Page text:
Column: What you need to know about Medicare’s solvency problem, and how to fix it

CHICAGO (Reuters) – The most urgent retirement issue facing the new Biden administration and Congress is not Social Security reform or figuring out how to boost savings in 401(k)s and IRA accounts.

FILE PHOTO: The sun rises on the U.S. Capitol dome before Joe Biden’s presidential inauguration in Washington, U.S., January 20, 2021. REUTERS/Jonathan Ernst/File Photo

Instead, it is a ticking clock in the Medicare program. Our health insurance program for seniors has a solvency problem – not ten or 20 years from now, but in just a few years.

The financial stress impacts just one part of Medicare – Part A, which pays for hospital bills. Unlike other parts of Medicare, Part A is funded mainly through the Medicare payroll tax; parts B and D are financed through a combination of general government revenue and enrollee premiums.

The Medicare trustees projected last year that the Hospital Insurance Trust Fund will become insolvent in 2024 – less than three years from now. Just last week, the Congressional Budget Office (CBO) forecast a somewhat longer insolvency date due to an improving economic outlook – 2026. But we will have to wait and see what the Medicare trustees have to say a bit later this year.

An easy way to understand the problem is by thinking of the trust fund as a checking account balance that receives Medicare’s payroll tax payments, and uses it to pay the bills. Without changes to expected spending or trust fund revenue, the checking account will run dry in 2024, and would have sufficient funds from current tax payments to meet just 90% of its obligations.

Shortfalls are nothing new for Medicare Part A – they generally are the result of rising healthcare costs. But this is only the second time insolvency has been predicted within five years. The financial cliff has drawn closer due to declining payroll tax receipts during the economic downturn. What to do about the problem?

THE BEST OPTION: ADDITIONAL REVENUE

Plenty of options are available. We could add new revenue, raise the share of costs shouldered by enrollees, or cut benefits – or reduce payments to healthcare providers. The Commonwealth Fund – a foundation focused on healthcare policy – recently published a series of blog posts by Medicare experts bit.ly/2ZjCiDO that does a good job of laying out these options and more. (bit.ly/2ZjCiDO).

The solutions that make the most sense to me involve additional revenue. Cutting Medicare benefits just makes no sense, considering the precarious financial health of many retirees: half of Medicare beneficiaries lived on incomes below $29,650 in 2019 and 25% had incomes below $17,000, according to the Kaiser Family Foundation bit.ly/3dk6Cqs. (bit.ly/3dk6Cqs)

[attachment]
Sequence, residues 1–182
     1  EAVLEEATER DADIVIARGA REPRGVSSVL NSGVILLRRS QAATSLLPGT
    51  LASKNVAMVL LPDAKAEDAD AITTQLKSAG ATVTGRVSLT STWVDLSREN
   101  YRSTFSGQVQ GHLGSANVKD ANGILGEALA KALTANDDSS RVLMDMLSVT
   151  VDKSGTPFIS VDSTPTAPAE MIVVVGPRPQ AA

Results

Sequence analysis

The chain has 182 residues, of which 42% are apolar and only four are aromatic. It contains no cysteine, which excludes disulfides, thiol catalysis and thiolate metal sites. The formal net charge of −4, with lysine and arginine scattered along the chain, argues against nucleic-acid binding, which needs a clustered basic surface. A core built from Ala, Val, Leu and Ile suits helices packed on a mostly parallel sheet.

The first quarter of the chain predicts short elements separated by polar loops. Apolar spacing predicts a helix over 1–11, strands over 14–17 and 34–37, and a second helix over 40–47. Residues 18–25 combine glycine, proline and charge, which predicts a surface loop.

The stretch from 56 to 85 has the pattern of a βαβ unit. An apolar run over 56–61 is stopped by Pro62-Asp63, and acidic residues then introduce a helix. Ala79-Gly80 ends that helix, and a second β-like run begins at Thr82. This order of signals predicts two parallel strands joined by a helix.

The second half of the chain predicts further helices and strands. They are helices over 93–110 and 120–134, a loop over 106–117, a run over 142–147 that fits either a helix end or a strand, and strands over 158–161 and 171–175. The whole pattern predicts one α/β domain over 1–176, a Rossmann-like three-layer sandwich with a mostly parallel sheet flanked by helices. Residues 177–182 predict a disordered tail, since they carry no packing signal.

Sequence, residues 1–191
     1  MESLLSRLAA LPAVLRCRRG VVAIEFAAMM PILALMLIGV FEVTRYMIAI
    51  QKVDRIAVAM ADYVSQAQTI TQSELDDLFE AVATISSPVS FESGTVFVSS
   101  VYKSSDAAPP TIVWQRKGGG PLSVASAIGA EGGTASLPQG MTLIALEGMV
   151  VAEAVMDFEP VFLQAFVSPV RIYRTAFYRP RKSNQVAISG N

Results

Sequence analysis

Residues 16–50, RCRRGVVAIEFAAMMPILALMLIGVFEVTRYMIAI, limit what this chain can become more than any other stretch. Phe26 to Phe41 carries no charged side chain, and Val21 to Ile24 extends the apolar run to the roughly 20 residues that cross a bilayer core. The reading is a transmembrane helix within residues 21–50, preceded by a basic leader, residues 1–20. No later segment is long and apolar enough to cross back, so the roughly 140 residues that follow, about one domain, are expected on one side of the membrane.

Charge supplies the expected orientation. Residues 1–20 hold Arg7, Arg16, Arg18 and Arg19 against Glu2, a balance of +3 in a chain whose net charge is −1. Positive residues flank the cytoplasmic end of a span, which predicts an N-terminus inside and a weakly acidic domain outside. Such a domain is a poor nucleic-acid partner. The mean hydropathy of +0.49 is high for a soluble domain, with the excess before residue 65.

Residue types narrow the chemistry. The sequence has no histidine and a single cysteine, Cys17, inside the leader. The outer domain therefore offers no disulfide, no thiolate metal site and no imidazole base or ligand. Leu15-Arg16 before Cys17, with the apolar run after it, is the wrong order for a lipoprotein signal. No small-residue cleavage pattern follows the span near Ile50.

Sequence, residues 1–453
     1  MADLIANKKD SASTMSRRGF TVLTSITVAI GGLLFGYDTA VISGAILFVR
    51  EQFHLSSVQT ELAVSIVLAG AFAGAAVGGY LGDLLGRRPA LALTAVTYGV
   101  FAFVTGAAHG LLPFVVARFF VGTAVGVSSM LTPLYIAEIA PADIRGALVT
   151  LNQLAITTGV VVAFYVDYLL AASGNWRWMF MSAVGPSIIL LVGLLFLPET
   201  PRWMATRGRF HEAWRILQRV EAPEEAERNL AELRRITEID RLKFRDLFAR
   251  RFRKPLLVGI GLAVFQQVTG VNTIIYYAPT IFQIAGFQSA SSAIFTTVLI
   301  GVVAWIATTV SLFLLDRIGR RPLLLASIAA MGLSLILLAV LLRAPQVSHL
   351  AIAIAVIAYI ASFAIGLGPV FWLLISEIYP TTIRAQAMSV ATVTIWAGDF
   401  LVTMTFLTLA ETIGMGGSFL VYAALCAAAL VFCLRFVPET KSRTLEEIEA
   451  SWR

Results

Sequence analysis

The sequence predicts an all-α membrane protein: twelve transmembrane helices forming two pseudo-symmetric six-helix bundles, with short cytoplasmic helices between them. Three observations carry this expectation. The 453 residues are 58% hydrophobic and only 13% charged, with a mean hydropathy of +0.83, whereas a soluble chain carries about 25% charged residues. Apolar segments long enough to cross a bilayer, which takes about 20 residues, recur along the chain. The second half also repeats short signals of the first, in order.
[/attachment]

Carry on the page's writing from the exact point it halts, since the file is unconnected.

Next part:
Some of the Commonwealth Fund writers advocate further use of private-market competition to solve the problem, but I find these arguments unconvincing. The idea served up most frequently is premium support, a holdover idea from the last decade that would replace Medicare’s system of defined benefits with a defined government contribution – some would call it a voucher – that enrollees would use to buy in to either Original Medicare or privately offered Advantage plans.

Yet evidence shows that the marketplace approach already in place for prescription drug and Medicare Advantage plans does not work well nyti.ms/2OuhJm2 (nyti.ms/2OuhJm2). And in parts of the country where Original Medicare is more expensive than Advantage, this approach would create a lopsided playing field.

Injecting new revenue can be done without adding substantially to the burden of low- and middle-income households. The payroll tax rate that funds Part A (2.9% split evenly by employers and workers) could be lifted very gradually over a ten-year period – for example, a 1 percentage-point hike over ten years.

“It wasn’t recommended by many of our expert contributors,” said Dr. Gretchen Jacobson, vice president for Medicare at Commonwealth. “But the payroll tax is the primary source of income for the trust fund, so any kind of increase does help to build up that base.”

Moreover, the payroll tax rate for Medicare has not been changed since the late 1980s, even as the enrolled population and per-capita spending doubled. (The cap on the amount of wages subject to tax was eliminated in the early 1990s, making the tax more progressive and raising additional revenue.)

A more popular revenue idea suggested by Commonwealth’s experts would direct some or all revenue raised by the net investment income tax (NIIT) on high-income individuals into the Part A trust fund. The NIIT is a 3.8% tax on net investment income bit.ly/37j5PCd, and is paid by single tax-return filers with modified gross income of $200,000 and $250,000 for joint filers (bit.ly/37j5PCd). 

Currently, revenue collected through the NIIT goes into the government’s general coffers. That could shift enough revenue over a ten-year period into Part A to eliminate much of the shortfall.

A solvency fix also could present an opportunity to improve benefits. For example, a reform package could add a hard cap on out-of-pocket costs for prescription drugs, or add dental, vision and hearing benefits to Original Medicare. It also could include addition of a long-term care benefit, perhaps the most significant uncovered risk for most retirees.

To learn more about Medicare’s solvency problem, check out my podcast interview bit.ly/3qumIkT with Gretchen Jacobson (bit.ly/3qumIkT). 

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